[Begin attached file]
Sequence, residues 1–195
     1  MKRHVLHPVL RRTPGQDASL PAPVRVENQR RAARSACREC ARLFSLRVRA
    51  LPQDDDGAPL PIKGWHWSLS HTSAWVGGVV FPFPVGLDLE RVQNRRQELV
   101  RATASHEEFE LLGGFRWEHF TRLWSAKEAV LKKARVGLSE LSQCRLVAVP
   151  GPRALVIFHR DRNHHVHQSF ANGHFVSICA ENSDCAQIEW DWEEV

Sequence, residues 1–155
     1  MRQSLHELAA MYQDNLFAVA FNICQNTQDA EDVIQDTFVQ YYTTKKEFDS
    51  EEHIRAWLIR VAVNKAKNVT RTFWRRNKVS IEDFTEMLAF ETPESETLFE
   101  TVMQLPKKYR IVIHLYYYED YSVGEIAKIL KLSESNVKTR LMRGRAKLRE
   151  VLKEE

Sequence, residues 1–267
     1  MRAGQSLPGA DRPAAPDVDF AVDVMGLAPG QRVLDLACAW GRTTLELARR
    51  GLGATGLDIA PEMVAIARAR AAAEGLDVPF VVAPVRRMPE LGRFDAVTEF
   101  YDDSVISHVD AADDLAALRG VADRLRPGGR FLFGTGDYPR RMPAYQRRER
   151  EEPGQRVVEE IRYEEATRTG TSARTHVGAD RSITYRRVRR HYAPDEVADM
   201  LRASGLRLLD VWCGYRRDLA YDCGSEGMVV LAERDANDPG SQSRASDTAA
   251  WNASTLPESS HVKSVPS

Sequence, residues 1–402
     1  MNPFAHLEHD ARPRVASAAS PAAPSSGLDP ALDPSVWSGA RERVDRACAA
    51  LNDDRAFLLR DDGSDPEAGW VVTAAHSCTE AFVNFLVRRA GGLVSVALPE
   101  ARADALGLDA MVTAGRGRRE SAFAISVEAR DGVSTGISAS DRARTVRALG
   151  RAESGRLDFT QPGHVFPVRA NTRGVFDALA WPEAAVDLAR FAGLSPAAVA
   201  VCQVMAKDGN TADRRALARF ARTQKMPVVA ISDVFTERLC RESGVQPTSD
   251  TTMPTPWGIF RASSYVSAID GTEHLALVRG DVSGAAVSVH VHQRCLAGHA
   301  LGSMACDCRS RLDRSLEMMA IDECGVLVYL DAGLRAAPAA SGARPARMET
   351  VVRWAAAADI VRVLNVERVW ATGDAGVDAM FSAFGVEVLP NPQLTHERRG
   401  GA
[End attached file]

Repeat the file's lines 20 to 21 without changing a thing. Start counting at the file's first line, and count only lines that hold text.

    51  LNDDRAFLLR DDGSDPEAGW VVTAAHSCTE AFVNFLVRRA GGLVSVALPE
   101  ARADALGLDA MVTAGRGRRE SAFAISVEAR DGVSTGISAS DRARTVRALG